As the name implies, Google Tag Manager is a one-stop shop for the consolidation of tag management. Google Tag Manager offers a variety of templates and custom tag support that allow you to quickly consolidate all of your tags into one easy management system. And for the coding-challenged among us, Google’s tag vendor program allows third-party systems to provide integrated management. Is your business using Tag Manager? It should. Tag Manager is an entirely free service, so you can use your marketing and website budget on other activities. There’s no “premium” version either; Google built Tag Manager to be an enterprise-level solution for all businesses from the ground up.

3 Key Google Tag Manager Features

Google Tag Manager makes it easy for businesses to add or update website tags and mobile applications. Google Tag Manager has three key features (as listed on the Tag Manager site):

#1: Dependable data: Google Tag Manager’s error checking and speedy tag loading makes it easy to collect reliable data not only from an entire website, but also all your business’s domains. This dependable data empowers your business to make more knowledgeable decisions and better execute marketing and sales campaigns.

#2: Intuitive, quick and easy: Google tag manager is designed so marketers can add or change tags whenever they need to do so – without contacting IT. Even better, the IT and webmaster team can be confident that no matter what changes the marketing department makes, the tags will still be running and loading smoothly.

#3: Marketing agility: Google tag manager allows your marketing department to create a new tag in just a few clicks, powering remarketing and other data-driven programs. You won’t miss valuable marketing opportunities while waiting for core website code updates.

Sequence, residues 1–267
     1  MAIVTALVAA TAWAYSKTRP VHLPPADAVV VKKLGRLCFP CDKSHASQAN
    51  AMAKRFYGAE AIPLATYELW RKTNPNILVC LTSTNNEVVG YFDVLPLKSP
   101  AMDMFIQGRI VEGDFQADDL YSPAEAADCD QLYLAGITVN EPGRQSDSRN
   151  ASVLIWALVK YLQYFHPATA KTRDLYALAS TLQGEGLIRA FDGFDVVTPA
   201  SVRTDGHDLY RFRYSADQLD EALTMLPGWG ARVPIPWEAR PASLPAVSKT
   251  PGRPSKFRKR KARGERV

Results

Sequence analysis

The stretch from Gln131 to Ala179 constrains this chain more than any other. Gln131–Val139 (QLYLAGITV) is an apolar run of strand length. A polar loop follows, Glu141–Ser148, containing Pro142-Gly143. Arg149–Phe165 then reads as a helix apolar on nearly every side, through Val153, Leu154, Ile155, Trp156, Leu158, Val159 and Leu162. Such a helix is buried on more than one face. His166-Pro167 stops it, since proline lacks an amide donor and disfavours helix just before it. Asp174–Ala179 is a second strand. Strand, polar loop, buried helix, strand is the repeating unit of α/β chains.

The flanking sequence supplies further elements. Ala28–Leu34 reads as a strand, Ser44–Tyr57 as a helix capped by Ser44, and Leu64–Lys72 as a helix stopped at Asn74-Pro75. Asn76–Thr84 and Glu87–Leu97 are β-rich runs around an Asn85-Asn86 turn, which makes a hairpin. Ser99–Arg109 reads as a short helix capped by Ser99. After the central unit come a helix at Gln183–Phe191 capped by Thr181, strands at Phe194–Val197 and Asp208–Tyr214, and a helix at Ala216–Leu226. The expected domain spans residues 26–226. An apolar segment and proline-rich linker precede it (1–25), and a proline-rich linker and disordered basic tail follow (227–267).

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How Google Tag Manager Works

To use Google Tag Manager, you will first need to create a Google Account. Next, you will create tags in Google Analytics, AdWords etc., just as you always have. Rather than adding this code directly to your website, however, you will paste it directly into Tag Manager and add specific rules for how this code should be used on your website. When a visitor comes to your website, the Tag Manager code will connect with Google’s servers and load a script file named gtm.js. The gtm.js file has a cache time of 15 minutes, so once the initial request is made, no additional requests are necessary. Tag Manager code is also requested asynchronously, which means that it will load while other elements of your page continue to load, so there is no additional waiting period.

Google Tag Manager also includes many features that are designed to make Tag Manager more secure when it comes to data control. These features include user permissions, a preview mode and debugging console, as well as a revision history manager. At no point will you ever need to enter additional account or password information for services other than Tag Manager, consequently keeping your Analytics tracking separate and secure.

Getting Started with Tag Manager

1- Migrate tags.